Winnipeg Free Press - PRINT EDITION

Avoid 'joint tenancy' trap

It's a tricky way to pass wealth on if intent unclear

  • Print

Paula Peterson was close to her father. Mr. Peterson was told by a financial adviser joint ownership was a good way to pass his wealth on to the next generation. He changed all his investments and bank accounts to be in joint names with Paula. More specifically, the accounts were put into "joint tenancy." That meant she would be able to claim the full balance in the accounts at his death. They would not fall into his estate -- that was the plan, at least.

When Mr. Peterson died, a fight boiled up. The issue was whether Paula would keep the contents of the accounts or if the money should be added back into the estate. These kinds of disputes usually occur when a person has several children who will inherit the estate, but only one child is listed as owner on the joint tenancy. That child may attempt to keep all the money and not share it.

c_

Joint tenancy is tricky. When a person such as Mr. Peterson transfers a bank account, land or other property out of their name and into joint tenancy, the results may be unanticipated. A "resulting trust" springs up if the child is an adult. That means a person such as Paula who takes the property after the death of the original owner does not really own it at all. They hold it as a trustee for the estate of the deceased person.

In a jurisdiction where probate fees are payable, that means probate would have to be paid on the asset. That also means creditors of the estate can go after the joint property. Most importantly, it also means beneficiaries of the estate can demand the property be returned to the estate. That way, beneficiaries can take the property and divide it among them.

c_

What if your family is using joint tenancy? A clear statement of intention will trump the presumption of resulting trust. It depends on what the original owner really intended. That clear intention is best expressed in writing. A letter can be drawn up explaining whether the property is to be returned to the estate or not. The letter could say, "I want my son to have the property for his own use after I die... He need not share it with anyone else." An agreement or formal written document prepared by a lawyer is even better than a simple letter. A lawyer is able to get the wording just right.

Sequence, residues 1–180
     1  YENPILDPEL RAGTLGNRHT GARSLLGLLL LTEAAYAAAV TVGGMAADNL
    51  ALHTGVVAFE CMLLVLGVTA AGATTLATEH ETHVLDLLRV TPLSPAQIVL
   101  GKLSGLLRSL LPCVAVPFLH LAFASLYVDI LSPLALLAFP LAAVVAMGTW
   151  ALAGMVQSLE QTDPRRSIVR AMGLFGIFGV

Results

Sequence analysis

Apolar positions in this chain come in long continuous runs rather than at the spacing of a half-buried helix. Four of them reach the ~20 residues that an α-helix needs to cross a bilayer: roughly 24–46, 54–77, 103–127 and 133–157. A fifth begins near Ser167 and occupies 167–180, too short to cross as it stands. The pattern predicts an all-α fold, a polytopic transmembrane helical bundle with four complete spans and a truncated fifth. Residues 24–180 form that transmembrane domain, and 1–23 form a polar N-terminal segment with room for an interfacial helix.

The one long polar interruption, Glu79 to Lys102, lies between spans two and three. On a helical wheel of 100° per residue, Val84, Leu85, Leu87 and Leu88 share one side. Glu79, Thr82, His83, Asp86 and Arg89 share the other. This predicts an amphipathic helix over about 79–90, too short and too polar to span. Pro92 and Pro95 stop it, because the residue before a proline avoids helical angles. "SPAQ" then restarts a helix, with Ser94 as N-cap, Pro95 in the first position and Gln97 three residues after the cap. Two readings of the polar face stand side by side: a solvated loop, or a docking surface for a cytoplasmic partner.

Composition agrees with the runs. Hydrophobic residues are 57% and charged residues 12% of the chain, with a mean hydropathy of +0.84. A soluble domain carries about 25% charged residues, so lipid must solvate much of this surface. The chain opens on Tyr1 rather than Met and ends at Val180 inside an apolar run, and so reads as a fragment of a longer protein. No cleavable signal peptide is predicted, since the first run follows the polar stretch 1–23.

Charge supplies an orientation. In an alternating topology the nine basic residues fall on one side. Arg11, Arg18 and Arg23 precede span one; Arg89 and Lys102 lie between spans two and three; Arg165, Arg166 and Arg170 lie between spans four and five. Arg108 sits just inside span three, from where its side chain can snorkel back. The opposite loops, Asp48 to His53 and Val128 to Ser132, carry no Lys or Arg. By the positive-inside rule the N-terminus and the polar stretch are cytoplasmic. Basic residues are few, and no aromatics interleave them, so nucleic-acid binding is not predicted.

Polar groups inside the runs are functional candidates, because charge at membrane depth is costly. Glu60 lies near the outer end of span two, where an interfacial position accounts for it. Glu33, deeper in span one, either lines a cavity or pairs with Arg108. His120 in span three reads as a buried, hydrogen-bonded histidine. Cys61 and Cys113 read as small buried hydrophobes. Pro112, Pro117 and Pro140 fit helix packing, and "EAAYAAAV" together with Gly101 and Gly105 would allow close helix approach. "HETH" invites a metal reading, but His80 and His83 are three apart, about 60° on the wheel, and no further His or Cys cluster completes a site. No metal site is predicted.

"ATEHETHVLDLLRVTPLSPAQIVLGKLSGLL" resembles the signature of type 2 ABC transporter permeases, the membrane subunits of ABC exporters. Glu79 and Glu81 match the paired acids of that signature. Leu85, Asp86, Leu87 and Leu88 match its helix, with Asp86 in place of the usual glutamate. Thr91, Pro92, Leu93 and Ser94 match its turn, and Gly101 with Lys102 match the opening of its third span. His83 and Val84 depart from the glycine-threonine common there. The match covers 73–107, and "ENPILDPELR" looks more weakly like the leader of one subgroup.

Joint ownership remains a way to pass assets on to the next generation. It has to be done carefully. You do not want to end up like Paula in the story above. No one wants to go to court. This case went all the way to the Supreme Court of Canada. The court held that Paula's father actually intended she keep the money. The details in the story were taken from the published decision of the court that decided the case. The family name was changed to save them embarrassment.

 

John E.S. Poyser is a lawyer with Tradition Law LLP. Contact him at 204-947-6802 or jpoyser@traditionlaw.ca, or visit www.traditionlaw.ca.

Republished from the Winnipeg Free Press print edition October 16, 2013 B6

Fact Check

Fact Check

Have you found an error, or know of something we’ve missed in one of our stories?
Please use the form below and let us know.

* Required
  • Please post the headline of the story or the title of the video with the error.

  • Please post exactly what was wrong with the story.

  • Please indicate your source for the correct information.

  • Yes

    No

  • This will only be used to contact you if we have a question about your submission, it will not be used to identify you or be published.

  • Cancel

Having problems with the form?

Contact Us Directly
  • Print

You can comment on most stories on winnipegfreepress.com. You can also agree or disagree with other comments. All you need to do is be a Winnipeg Free Press print or e-edition subscriber to join the conversation and give your feedback.

You can comment on most stories on winnipegfreepress.com. You can also agree or disagree with other comments. All you need to do is be a Winnipeg Free Press print or e-edition subscriber to join the conversation and give your feedback.

Have Your Say

New to commenting? Check out our Frequently Asked Questions.

Have Your Say

Comments are open to Winnipeg Free Press print or e-edition subscribers only. why?

Have Your Say

Comments are open to Winnipeg Free Press Subscribers only. why?

The Winnipeg Free Press does not necessarily endorse any of the views posted. By submitting your comment, you agree to our Terms and Conditions. These terms were revised effective April 16, 2010.

letters

Make text: Larger | Smaller

LATEST VIDEO

Weather for final Fringing weekend

View more like this

Photo Store Gallery

  • Young goslings jostle for position to take a drink from a puddle in Brookside Cemetery Thursday morning- Day 23– June 14, 2012   (JOE BRYKSA / WINNIPEG FREE PRESS)
  • Goose sits in high grass near Marion Friday afternoon for cover -See Bryksa 30 Day goose challenge- Day 18 - May 25, 2012   (JOE BRYKSA / WINNIPEG FREE PRESS)

View More Gallery Photos

Poll

Should confessions extracted through Mr. Big police stings be allowed?

View Results

View Related Story

Ads by Google